To identify and use fronted adverbials
An adverbial is a word, phrase or clause that acts to modify a verb.
An adverbial is fronted when it is before the verb.
- Verbs are often called ‘doing words’, but can describe events or states as well as actions. They may have a past, present or future tense.
- Adverbials change or qualify the verb in a clause, very often by explaining when, where and / or the manner of the verb.
For example, ‘The mouse ran’ includes the verb ‘ran’, which may be modified with adverbials such as ‘quickly’, ‘yesterday’, ‘at midnight’, ‘out of the kitchen’, ‘very urgently’ – and so on.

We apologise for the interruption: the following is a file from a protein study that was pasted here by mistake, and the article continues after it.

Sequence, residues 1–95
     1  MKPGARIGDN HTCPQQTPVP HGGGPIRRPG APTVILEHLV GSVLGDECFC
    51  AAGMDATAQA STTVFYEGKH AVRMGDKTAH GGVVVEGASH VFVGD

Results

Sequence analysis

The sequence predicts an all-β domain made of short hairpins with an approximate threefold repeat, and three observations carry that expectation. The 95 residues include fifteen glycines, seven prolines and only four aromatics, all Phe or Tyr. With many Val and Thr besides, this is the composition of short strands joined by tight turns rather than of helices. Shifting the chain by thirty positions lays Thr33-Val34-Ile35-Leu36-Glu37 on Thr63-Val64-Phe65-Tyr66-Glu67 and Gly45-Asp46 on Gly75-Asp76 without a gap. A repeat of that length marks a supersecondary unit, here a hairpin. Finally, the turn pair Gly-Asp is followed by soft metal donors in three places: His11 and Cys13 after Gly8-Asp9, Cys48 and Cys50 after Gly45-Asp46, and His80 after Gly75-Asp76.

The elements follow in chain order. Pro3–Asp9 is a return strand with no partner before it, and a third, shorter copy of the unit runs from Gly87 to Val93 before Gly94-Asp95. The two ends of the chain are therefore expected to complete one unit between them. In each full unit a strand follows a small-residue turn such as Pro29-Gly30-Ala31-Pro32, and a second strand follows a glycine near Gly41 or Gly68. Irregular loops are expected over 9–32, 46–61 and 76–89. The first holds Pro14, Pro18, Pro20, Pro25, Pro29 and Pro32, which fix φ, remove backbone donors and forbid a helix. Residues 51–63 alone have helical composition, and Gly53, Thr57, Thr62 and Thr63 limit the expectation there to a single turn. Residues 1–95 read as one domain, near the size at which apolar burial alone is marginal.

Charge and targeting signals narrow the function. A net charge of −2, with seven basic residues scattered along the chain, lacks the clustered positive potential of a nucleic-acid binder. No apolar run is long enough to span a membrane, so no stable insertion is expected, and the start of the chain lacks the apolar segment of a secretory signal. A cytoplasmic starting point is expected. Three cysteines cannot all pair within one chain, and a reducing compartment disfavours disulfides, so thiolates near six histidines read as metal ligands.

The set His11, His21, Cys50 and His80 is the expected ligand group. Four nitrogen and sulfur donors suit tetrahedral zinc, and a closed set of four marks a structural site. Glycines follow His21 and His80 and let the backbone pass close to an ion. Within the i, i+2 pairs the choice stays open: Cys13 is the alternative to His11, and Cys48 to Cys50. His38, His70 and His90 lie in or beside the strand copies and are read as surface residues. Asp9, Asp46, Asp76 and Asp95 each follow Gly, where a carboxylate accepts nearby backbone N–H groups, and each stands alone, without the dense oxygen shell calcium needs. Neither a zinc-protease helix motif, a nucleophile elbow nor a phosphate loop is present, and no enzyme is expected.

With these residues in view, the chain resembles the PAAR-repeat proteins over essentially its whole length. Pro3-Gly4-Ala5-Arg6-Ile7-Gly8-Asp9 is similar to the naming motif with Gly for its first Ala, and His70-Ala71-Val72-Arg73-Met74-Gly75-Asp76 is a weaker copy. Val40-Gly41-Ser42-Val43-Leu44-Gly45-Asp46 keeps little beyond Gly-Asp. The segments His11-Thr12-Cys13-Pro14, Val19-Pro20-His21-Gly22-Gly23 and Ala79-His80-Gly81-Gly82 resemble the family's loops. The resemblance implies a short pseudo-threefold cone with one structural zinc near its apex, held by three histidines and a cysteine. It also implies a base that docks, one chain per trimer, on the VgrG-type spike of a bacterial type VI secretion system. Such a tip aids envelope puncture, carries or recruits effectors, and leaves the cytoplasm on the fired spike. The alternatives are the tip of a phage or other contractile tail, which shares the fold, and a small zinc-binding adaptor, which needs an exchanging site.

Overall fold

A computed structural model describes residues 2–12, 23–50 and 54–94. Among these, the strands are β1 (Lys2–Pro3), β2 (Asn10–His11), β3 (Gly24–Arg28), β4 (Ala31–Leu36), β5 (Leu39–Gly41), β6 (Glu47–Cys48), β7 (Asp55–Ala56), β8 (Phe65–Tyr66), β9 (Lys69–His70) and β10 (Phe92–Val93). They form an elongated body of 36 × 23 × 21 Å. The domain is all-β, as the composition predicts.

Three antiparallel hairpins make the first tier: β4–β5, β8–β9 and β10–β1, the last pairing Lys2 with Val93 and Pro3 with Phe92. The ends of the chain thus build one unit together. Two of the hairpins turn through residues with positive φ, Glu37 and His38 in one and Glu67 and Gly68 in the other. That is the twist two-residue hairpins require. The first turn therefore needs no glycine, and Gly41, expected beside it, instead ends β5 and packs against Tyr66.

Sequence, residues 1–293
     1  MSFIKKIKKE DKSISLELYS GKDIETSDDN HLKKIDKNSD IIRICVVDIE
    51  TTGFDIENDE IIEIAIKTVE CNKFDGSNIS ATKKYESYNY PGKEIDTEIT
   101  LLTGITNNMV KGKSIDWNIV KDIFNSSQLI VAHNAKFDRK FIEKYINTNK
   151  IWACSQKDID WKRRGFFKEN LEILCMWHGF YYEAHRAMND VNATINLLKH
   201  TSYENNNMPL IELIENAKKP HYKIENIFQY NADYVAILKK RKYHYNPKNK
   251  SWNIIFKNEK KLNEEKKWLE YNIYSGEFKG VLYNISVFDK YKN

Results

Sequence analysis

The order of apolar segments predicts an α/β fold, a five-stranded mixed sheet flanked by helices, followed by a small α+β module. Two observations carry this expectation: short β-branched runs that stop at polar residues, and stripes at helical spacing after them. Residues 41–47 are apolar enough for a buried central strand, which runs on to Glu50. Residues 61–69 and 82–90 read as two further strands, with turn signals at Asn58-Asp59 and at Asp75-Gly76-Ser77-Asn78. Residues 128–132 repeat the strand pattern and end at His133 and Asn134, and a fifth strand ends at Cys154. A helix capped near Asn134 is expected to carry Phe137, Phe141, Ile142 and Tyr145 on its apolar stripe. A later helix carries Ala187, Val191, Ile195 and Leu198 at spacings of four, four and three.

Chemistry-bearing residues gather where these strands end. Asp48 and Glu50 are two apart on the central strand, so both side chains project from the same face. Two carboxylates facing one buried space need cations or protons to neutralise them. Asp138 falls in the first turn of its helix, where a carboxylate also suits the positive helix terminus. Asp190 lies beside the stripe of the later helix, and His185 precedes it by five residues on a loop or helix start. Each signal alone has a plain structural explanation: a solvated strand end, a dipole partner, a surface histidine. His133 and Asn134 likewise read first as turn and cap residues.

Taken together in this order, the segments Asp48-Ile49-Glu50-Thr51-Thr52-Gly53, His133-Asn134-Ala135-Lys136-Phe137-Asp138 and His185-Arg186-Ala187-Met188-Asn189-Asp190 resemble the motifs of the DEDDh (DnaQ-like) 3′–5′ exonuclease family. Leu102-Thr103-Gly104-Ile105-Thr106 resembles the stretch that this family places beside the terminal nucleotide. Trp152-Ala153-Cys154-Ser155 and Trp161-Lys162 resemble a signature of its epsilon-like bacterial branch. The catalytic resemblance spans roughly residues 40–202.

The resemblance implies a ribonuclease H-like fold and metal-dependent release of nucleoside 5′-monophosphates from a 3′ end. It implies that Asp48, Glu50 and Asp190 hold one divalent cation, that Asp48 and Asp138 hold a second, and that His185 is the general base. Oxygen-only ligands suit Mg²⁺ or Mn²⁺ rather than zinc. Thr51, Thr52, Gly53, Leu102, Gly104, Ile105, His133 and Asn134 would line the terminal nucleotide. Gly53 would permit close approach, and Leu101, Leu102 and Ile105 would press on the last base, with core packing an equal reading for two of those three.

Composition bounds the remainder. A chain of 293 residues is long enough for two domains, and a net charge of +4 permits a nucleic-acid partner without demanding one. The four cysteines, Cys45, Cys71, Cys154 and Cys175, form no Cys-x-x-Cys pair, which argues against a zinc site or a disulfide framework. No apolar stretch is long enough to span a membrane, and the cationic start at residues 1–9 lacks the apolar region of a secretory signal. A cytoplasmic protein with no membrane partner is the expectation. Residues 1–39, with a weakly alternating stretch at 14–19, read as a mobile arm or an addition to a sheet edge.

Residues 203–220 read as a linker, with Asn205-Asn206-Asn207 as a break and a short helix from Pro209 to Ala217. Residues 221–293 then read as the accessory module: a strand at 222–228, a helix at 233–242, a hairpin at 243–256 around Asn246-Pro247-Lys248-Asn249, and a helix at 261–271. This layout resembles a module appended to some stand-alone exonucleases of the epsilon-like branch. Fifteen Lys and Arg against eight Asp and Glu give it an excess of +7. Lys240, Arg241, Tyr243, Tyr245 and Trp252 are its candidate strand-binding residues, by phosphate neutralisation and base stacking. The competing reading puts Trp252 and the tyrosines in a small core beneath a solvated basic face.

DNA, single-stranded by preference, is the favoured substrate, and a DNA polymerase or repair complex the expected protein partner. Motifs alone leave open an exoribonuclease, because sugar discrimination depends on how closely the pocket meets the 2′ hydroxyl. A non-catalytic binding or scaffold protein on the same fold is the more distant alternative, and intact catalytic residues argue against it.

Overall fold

Single-word adverbials such as ‘yesterday’ are called adverbs. Multiple word adverbials with no verb, such as ‘at midnight’, may be called adverbial phrases. Multiple-word adverbials with a verb, such as ‘after the sun had set’, may be called adverbial clauses. Many adverbials may be fronted, which means they may be placed before the verb: for example, ‘Yesterday, the mouse ran.’